MARKET SNAPSHOT: Dow Leaps Over 150 Points As Geopolitical Fears Ebb

By Victor Reklaitis, MarketWatch, Ryan VlastelicaFeaturesDow Jones Newswires

All the S&P 500's primary sectors are higher, but tech and financials are leading the advance

U.S. stocks rose on Monday, with technology and financial shares leading a broad move higher as major benchmarks rebounded from their biggest weekly drop in more than a month.

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The Dow Jones Industrial Average rose 129 points, or 0.6%, to 21,990, powered in part by a 2% climb in shares of Goldman Sachs Group Inc.(GS).

The S&P 500 added 19 points, or 0.8%, to 2,460. The Nasdaq Composite Index added 59 points to 6,316, a rise of 1%.

The day's rally was widespread, with all 11 of the S&P 500's primary sectors gaining on the day. The biggest advancers were technology shares (XLK), up 1.1%, and financials (XLF), up 1.2%.

Last week's decline was driven in large part by fears over North Korea, where tensions with the U.S. have been escalating. That issue overshadowed the state of the equity market, where earnings have been viewed as strong at a time of high employment and low inflation, as well as valuations that appear elevated by many metrics. The S&P 500 lost 1.4% for the week, while the Nasdaq Composite Index gave up 1.5%. The week marked the biggest one-week percentage drop for both the Dow and the S&P since March, as well as the biggest for the Nasdaq since June, although it was also the Nasdaq's third straight weekly loss.

"Of course there's still caution with the geopolitical situation, so while today may be fairly stable, we're just one headline or tweet away from more volatility. At the same time, the earnings season was tremendously strong, and re-evaluating that and buying on last week's weakness," said Peter Andersen, chief investment officer at Fiduciary Trust Co.

Read more:Bruising stock-market selloff may have cracked the rally's foundation (

Monday's rally returned the S&P and Nasdaq above their 50-day moving averages, in the latest example of investors using any decline as an opportunity to buy on the dip (

Monday's advance represented the biggest one-day percentage rise for the S&P since June 28, the biggest for the Dow since July 3, and the biggest for the Nasdaq since July 12.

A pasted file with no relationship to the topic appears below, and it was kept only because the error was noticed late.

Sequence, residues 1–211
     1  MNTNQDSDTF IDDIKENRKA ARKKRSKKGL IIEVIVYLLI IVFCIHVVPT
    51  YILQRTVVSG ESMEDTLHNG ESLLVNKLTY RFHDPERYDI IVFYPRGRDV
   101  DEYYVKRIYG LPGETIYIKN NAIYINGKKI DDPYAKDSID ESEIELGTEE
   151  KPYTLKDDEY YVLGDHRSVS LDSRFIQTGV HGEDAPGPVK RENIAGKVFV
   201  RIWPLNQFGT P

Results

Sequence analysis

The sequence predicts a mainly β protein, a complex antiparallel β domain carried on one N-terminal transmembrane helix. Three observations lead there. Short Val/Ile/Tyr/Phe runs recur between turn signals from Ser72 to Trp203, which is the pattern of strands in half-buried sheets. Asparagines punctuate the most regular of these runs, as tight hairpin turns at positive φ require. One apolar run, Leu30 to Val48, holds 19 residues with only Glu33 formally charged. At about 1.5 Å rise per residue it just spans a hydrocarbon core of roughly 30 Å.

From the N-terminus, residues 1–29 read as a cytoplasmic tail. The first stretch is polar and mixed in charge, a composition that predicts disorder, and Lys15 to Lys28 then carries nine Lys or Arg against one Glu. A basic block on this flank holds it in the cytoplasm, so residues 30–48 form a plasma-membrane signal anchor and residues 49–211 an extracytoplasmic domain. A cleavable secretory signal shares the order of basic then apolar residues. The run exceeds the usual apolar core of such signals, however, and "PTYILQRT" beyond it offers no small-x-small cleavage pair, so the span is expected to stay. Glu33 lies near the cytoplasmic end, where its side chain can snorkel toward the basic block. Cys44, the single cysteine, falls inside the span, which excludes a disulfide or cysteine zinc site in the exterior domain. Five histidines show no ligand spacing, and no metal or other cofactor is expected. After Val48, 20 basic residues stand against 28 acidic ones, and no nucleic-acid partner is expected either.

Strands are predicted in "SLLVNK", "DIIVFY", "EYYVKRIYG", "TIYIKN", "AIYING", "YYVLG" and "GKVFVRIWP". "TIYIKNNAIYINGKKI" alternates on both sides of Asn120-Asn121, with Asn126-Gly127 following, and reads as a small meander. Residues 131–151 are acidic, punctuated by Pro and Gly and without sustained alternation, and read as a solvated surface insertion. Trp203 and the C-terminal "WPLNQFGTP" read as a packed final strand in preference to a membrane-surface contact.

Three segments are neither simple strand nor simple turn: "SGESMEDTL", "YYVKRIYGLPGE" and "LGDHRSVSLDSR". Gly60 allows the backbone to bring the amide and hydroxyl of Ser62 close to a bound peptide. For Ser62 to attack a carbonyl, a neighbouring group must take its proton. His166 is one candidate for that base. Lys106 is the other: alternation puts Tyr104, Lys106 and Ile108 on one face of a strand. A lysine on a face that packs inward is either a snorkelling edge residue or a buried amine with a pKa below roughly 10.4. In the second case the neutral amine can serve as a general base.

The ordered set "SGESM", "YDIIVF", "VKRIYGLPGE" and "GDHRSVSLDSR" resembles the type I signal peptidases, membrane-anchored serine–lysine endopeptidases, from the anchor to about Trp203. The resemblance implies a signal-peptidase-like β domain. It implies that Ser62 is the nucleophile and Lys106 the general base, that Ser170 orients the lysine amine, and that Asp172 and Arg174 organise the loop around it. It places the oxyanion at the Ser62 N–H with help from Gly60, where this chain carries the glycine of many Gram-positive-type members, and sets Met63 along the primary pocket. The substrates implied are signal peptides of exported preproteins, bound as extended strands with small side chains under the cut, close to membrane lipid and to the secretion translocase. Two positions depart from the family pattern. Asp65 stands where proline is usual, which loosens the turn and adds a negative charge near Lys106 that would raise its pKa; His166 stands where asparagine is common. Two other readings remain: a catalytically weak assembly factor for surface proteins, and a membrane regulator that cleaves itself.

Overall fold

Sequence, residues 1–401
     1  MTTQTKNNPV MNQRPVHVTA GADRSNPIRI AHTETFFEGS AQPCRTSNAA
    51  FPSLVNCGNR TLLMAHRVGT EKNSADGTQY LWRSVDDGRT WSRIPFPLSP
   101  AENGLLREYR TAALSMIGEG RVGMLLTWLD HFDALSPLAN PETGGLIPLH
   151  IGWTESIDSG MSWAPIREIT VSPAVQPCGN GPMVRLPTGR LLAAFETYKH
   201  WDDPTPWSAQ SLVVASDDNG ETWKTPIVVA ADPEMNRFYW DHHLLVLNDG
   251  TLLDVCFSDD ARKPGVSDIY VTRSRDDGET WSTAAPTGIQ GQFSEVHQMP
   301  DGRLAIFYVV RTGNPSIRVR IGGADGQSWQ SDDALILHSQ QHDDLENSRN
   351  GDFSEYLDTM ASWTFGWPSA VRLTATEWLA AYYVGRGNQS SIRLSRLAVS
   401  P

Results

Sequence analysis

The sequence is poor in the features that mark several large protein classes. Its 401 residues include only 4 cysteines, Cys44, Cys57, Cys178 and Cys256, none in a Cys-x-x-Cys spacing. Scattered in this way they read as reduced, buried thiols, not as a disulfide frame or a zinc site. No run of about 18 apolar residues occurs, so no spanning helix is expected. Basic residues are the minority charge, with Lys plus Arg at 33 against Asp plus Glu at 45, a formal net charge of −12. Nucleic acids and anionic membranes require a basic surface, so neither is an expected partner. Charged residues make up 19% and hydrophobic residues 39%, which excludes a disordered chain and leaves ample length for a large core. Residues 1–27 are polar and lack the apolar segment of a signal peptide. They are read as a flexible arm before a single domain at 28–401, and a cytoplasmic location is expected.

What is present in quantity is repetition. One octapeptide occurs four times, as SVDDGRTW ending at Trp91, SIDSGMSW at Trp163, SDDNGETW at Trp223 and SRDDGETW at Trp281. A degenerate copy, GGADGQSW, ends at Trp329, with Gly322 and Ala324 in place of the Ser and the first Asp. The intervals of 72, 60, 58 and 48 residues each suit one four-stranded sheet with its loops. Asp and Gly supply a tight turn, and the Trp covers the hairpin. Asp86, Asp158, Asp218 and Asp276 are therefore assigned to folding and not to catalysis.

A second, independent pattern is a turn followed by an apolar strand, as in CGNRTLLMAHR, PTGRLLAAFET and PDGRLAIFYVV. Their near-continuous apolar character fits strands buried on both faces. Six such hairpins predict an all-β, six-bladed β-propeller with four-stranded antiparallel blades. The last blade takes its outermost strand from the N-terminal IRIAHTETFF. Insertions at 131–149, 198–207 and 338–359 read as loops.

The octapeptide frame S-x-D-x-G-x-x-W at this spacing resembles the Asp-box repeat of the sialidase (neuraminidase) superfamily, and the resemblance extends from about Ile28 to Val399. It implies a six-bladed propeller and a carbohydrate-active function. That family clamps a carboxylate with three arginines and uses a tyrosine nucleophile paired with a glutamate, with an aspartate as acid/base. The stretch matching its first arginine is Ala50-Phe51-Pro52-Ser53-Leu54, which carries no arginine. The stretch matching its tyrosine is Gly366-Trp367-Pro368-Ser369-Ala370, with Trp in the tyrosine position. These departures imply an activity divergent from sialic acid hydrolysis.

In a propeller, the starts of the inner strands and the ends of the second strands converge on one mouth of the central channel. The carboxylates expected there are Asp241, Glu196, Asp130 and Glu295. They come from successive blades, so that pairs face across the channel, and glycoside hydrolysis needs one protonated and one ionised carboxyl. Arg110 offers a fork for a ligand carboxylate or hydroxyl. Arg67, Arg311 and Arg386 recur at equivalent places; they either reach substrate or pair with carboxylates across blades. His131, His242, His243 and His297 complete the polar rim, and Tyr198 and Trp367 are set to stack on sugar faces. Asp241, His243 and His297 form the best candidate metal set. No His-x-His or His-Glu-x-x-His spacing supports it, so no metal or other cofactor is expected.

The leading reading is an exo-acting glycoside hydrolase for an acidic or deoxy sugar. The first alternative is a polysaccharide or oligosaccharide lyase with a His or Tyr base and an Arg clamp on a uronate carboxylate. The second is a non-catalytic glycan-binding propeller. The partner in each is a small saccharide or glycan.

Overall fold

White House officials over the weekend found themselves working to clarify President Donald Trump's comments ( on deadly violence at a white supremacist rally in Charlottesville, Va., after his initial remarks on the matter ( drew flak from Democrats and Republicans. Smith said that while market participants were likely following the events, they would have little direct impact on equities.

"What happened in Charlottesville isn't directly relevant to markets, but it is relevant to how deeply divisive the country is in terms of politics, which is something that could become more relevant to markets," Andersen said.

Also over the weekend, Secretary of Defense James Mattis and Secretary of State Rex Tillerson sought to play down the risk of a conflict, writing in The Wall Street Journal that the Trump administration is seeking diplomatic solutions ( to achieve the "irreversible denuclearization" of North Korea.

See also:This 'warning siren is blaring,' but that's not stopping the Wall Street hype machine (

Other markets: European equities stepped higher, and Asian markets mostly closed with gains ( Oil futures traded lower, as a key dollar index advanced modestly.

Individual movers: Chipmakers were among the biggest gainers of the day, leading the overall technology sector higher. Micron Technology (MU) added 4.3% while Advanced Micro Devices Inc. (AMD) was up 3.9%. The PHLX Semiconductor Index gained 1.7%.

Shares in Tesla Inc.(TSLA) rose 2% after Baird analyst Ben Kallo--a longtime Tesla bull ( his price target for the electric-car maker's stock to $411 ( from $368.

Netflix Inc.'s stock (NFLX) traded 0.1% lower after a Barron's cover story over the weekend warned the stock could drop more than 50% as "Disney goes its own way and Amazon looms (," referring to a Netflix-Disney distribution deal that's ending and the threat from Inc.'s (AMZN) streaming business.

Don't miss:Netflix will survive the Disney cord-cut, and here's the proof: Piper Jaffray (Netflix will survive the Disney cord-cut, and here's the proof:Piper%20Jaffray)

And in other Netflix news, the streaming giant has recruited prolific TV producer Shonda Rhimes (, the creator of hits such as "Grey's Anatomy" for Walt Disney Co.'s (DIS) ABC, in a sign of an arms race for talent.

Merck & Co. (MRK) rose 0.9%. Kenneth Frazier, the company's chief executive, said he was resigning from the President's American Manufacturing Council ( following Saturday's deadly violence at a white supremacist rally in Charlottesville, Va.

Economic news: There are no top-tier U.S. economic reports expected Monday, and no Federal Reserve officials are due to speak.

Tuesday should bring U.S. retail sales data for July, and minutes from the Fed's last policy meeting are on tap for Wednesday.

And read:MarketWatch's Economic Calendar (

(END) Dow Jones Newswires

August 14, 2017 10:58 ET (14:58 GMT)